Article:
Internet Explorer
Most sites support Internet Explorer, so there's usually little reason to change its user agent value. If you are experienced with the Windows registry, however, you can easily add new values to the user agent value's comment section by using the registry editor (regedit.exe) to add new subkeys to the key:
HKEY_LOCAL_MACHINE\Software\Microsoft\Windows\CurrentVersion\Internet Settings\User Agent\Post Platform
After restarting the browser, the names of these subkeys are automatically inserted into the brower's user agent string.
Mozilla 1.x/Netscape 7.x
The user agent value can be specified in the defaults\pref\all.js file by adding the "general.useragent.override" property, as in this example:
pref( "general.useragent.override", "Mozilla/4.0 (compatible; MSIE 5.5; Windows 98)" );

Firefox users (an alternative browser from the Mozilla Foundation) can install plug-ins for managing the user agent value, such as the User Agent Switcher at http://chrispederick.myacen.com/work/firefox/useragentswitcher/ or the UserAgent bar at http://uabar.mozdev.org. Alternately, type the special URL "about:config" in the browser's location bar to access the browser's properties and use the popup menu to add a new property called "general.useragent.override" with the desired value.
Get Firefox!

Another alternative for masquerading your browser as another is to access the Internet through a proxy server, and have that server modify your outgoing User-Agent headers. Squid, for example, supports the fake_user_agent configuration option. Or use a proxy server that supports anonymous browsing. A problem with the proxy server approach, however, is that it only works for pages fetched via HTTP. Page requests made securely via HTTPS cannot be modified by the proxy server because all traffic between the browser and the destination Web server is encrypted.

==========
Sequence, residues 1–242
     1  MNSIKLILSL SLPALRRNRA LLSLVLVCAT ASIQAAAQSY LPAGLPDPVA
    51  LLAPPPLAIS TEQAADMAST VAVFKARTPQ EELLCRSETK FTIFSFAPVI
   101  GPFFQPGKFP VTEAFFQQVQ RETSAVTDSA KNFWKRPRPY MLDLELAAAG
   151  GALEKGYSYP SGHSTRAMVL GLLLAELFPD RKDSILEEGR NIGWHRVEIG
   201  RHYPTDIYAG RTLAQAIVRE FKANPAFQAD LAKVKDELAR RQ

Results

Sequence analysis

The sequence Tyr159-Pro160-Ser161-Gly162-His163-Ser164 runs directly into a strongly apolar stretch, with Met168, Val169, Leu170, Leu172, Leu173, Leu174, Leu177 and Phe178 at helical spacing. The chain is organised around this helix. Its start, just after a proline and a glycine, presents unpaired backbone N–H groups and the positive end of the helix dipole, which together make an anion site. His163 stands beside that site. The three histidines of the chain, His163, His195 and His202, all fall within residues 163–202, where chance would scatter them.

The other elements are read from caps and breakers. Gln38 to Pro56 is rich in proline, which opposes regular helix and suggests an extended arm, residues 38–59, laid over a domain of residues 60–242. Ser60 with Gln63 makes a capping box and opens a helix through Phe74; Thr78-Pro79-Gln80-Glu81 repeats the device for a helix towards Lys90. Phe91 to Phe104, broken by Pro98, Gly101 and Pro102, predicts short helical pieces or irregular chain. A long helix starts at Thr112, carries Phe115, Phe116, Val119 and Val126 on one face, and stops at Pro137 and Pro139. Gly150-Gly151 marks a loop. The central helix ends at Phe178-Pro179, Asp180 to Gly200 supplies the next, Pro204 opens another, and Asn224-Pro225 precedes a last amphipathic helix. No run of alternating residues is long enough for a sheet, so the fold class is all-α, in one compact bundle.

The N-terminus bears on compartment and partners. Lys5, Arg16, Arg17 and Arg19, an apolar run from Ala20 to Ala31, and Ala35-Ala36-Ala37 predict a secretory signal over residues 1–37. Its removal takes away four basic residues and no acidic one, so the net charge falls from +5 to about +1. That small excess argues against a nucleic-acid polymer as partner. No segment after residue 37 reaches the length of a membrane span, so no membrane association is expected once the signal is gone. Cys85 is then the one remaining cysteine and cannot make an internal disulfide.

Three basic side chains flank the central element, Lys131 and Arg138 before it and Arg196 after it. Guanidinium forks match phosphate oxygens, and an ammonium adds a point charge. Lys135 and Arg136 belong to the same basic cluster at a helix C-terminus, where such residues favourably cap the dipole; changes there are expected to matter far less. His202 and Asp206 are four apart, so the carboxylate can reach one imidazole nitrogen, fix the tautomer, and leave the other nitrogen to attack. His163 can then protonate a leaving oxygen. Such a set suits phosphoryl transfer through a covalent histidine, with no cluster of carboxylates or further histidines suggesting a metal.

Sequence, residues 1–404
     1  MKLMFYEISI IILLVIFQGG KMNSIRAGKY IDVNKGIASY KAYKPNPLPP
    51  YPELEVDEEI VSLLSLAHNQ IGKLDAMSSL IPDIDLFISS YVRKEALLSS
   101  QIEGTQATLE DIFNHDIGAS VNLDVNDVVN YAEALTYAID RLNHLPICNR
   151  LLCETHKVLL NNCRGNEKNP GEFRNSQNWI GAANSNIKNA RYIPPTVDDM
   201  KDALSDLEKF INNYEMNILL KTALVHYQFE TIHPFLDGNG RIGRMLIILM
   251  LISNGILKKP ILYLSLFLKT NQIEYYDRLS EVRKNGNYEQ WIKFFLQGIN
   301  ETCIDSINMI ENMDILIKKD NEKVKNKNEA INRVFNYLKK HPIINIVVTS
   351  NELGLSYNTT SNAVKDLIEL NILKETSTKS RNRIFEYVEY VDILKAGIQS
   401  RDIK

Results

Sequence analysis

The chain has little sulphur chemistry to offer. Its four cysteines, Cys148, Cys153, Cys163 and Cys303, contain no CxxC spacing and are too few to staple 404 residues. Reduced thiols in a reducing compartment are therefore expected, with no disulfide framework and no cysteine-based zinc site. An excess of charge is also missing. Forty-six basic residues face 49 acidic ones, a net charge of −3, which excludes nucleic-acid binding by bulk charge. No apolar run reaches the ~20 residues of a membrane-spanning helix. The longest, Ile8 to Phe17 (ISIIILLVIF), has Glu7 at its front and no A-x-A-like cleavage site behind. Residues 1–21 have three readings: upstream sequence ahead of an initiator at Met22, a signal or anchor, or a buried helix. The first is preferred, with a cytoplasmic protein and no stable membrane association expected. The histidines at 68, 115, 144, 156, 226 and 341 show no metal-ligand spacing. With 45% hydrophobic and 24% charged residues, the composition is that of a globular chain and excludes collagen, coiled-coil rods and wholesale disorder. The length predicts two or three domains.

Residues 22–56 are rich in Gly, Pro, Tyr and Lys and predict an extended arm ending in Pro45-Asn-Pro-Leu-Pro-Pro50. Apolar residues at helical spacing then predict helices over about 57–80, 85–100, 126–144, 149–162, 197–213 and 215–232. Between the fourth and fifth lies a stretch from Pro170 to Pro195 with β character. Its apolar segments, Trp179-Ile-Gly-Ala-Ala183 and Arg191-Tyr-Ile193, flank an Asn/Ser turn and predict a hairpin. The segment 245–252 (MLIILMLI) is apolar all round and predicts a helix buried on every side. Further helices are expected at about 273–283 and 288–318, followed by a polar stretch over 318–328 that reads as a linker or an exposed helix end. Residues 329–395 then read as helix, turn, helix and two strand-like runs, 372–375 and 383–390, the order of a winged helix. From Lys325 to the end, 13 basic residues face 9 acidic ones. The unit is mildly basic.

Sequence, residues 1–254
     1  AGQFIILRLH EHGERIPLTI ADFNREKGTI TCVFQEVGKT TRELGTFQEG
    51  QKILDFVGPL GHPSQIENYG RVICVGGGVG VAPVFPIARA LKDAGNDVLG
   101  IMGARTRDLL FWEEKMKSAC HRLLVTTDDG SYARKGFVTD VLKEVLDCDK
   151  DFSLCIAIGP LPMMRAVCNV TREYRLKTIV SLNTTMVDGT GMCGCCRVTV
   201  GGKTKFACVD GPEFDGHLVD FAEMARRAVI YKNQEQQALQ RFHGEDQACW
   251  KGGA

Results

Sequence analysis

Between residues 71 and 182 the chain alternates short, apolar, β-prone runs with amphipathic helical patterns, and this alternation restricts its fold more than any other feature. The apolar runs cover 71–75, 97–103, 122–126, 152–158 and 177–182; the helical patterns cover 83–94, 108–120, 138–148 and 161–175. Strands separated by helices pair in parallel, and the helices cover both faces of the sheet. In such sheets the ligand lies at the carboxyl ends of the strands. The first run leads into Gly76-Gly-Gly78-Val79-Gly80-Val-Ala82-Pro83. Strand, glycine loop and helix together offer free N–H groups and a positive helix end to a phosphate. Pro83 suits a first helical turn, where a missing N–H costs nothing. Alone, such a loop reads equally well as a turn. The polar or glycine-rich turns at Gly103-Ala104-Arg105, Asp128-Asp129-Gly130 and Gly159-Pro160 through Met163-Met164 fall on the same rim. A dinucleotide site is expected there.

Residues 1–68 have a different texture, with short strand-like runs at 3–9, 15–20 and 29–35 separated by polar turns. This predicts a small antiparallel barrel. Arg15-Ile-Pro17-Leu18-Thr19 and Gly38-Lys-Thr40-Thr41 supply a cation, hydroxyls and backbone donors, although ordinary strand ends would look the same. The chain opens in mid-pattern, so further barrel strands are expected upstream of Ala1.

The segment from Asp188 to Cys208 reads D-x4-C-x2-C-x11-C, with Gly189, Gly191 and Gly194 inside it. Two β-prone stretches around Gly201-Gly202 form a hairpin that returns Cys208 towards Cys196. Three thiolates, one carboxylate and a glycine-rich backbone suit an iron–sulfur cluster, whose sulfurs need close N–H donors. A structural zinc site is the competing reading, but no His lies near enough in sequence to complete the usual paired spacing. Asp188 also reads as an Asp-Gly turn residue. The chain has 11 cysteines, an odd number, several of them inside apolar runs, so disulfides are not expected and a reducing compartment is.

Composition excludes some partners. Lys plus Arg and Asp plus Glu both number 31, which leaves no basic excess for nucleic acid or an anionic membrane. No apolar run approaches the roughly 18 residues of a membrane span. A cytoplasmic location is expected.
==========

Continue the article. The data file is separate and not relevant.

The Pitfalls of Browser Masquerading

Fortunately, there are few pitfalls to browser masquerading. If the masquerading doesn't work you can try a different user agent string or restore your browser's original setting. The real pitfall here is that browser masquerading doesn't fix the underlying problem: badly configured, inflexible Web servers. Masking your browser may be necessary for you to use the site, but it doesn't give the site owners any incentive to fix the site.

See Also

The HTTP 1.1 protocol specification can be found at ftp://ftp.isi.edu/in-notes/rfc2616.txt. Section 14.43 defines the User-Agent header.

The Web Robots Database at http://www.robotstxt.org/wc/active.html lists user agent strings for many Web robots/crawlers.

Macintosh users will find detailed instructions for modifying browser user agent values at http://macfaq.org/hacks/useragent.html.

User groups have permission to reprint this article for free as described on the copyrights page.

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This page was last modified on Last modified on October 28, 2004